Corporate Social Responsibility done Italy’s way

Corporate Social Responsibility done Italy’s way

1.412 billion euros of investments were made in CSR projects in Italy, up 25% on the previous year. The number of companies lending their attention to their own CSR has doubled, from 44%  to 85% . The average spend or investment per Italian company was more than 200,000 euros (209,000 to be precise).

The report was drawn up by the Osservatorio Socialis, in collaboration with Baxter (a healthcare organisation), FS Italiane (the Italian national rail company), Prioritalia (a managers’ association) and Terna (which manages the Italian transmission grid). The Osservatorio carried out its study on a sample of 400 companies, each with over 80 employees.

Formalising assessment and communication on the matter is one of the most explicit requests made by stakeholders. It refers to a need to establish an ‘official form of recognition’, a ‘stamp’ that allows those who have turned sustainability (environmental, social, corporate) into a distinctive feature, those who have made a definitive choice, to show it. We need and there will be a ‘CSR Index’, to help rank the companies on how well they implement CSR policies. It would be a stamp of quality, a unique achievement, acknowledgement that a company knows the ‘best practices’ in CSR and that it uses them throughout its operations.

The importance of investments in social responsibility and sustainability has already been exposed, and that is also because consumers are pushing for it, And they are convincing companies that want to exist on the market in a more effective and permanent way.” The requirements? Training staff, social cohesion, transparency at all levels, listening to stakeholders, communicating, planning and assessing.”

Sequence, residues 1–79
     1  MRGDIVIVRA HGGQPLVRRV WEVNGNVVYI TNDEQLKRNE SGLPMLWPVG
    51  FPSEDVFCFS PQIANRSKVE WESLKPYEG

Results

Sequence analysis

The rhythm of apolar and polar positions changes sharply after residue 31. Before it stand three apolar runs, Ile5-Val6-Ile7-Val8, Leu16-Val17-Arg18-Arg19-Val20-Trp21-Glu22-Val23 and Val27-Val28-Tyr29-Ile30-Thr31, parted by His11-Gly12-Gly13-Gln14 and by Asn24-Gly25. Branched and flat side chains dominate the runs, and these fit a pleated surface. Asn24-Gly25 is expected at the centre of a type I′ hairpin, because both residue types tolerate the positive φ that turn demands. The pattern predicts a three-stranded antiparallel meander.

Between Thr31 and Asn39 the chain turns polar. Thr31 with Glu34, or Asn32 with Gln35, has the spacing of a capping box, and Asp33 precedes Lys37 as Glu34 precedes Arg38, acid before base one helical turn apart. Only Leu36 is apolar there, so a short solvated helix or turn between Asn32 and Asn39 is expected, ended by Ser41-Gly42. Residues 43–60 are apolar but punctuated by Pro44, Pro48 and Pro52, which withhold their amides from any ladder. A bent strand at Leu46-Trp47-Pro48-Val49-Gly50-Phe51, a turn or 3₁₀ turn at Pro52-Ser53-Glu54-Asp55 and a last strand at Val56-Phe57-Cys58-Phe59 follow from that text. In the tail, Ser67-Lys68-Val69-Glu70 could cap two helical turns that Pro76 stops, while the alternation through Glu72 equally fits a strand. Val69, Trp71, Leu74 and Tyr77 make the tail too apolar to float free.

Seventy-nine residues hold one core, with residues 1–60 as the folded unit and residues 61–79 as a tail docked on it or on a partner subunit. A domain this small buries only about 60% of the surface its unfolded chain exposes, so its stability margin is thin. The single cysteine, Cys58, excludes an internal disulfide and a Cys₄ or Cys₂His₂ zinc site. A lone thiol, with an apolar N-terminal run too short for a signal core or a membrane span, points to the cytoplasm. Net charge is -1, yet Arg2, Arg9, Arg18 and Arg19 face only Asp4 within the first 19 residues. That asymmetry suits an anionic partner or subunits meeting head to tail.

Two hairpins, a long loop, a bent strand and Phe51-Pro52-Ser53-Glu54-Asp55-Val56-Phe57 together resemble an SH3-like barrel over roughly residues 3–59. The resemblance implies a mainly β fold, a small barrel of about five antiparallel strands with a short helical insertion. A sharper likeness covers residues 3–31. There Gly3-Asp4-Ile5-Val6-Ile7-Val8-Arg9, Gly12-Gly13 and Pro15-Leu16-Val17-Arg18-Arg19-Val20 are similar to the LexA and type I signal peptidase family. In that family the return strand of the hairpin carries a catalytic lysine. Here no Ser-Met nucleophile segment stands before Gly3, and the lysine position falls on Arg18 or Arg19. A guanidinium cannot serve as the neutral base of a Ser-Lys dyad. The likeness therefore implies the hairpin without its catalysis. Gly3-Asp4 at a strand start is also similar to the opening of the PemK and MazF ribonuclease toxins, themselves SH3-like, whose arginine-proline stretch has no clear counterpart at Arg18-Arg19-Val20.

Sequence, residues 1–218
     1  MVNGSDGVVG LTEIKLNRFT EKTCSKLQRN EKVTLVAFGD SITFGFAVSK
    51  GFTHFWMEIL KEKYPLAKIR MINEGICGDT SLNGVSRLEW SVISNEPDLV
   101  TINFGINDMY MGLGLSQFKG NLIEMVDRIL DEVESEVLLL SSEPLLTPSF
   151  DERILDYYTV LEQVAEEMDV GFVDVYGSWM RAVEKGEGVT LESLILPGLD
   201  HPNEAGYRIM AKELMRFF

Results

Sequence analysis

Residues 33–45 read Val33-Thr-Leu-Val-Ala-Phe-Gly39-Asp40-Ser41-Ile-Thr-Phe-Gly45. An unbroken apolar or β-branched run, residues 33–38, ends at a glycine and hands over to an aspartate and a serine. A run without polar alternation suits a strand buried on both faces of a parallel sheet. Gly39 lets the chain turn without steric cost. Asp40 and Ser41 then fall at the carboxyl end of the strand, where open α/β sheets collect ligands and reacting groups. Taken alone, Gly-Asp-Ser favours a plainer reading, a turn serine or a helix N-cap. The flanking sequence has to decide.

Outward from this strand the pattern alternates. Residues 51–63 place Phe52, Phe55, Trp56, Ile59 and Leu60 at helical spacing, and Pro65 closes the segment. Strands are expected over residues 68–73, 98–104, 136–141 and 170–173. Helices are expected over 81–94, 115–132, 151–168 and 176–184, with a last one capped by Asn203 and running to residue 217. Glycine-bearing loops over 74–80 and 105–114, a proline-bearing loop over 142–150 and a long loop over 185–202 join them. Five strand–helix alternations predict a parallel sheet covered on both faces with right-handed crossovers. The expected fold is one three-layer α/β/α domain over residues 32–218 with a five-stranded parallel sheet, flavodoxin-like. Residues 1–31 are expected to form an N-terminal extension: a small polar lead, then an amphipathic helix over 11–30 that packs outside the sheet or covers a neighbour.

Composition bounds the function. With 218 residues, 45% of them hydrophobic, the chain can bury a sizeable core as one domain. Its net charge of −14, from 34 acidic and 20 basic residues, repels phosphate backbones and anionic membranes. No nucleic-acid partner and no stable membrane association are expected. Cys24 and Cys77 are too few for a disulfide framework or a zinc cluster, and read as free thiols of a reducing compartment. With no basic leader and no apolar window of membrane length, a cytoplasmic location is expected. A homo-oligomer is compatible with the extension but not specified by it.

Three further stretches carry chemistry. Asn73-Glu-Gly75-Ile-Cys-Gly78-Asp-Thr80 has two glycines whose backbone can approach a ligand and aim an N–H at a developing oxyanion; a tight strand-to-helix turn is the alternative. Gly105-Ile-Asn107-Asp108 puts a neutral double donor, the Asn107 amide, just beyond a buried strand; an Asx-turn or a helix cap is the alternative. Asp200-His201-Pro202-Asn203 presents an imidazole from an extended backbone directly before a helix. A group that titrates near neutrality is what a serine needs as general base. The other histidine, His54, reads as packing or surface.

CSR has become an essential value for companies. Involving staff, caring for the environment, fighting waste, optimising energy consumption and recycling are all areas into which companies claim they are pouring more effort.

35% of companies say they want to contribute to sustainable development, 32% want to fulfil responsibilities towards future generations and 29% want to improve their relationship with the local communities. Commercial objects are considered less important, with ‘just’ 21% using CSR policies to ‘attract new clients’.

It’s worth noting that companies mostly develop CSR initiatives with an internal scope, although they are noticeably being directed towards the area local to the companies’ operational offices. Fewer companies, in fact, are pursuing CSR initiatives that target foreign countries.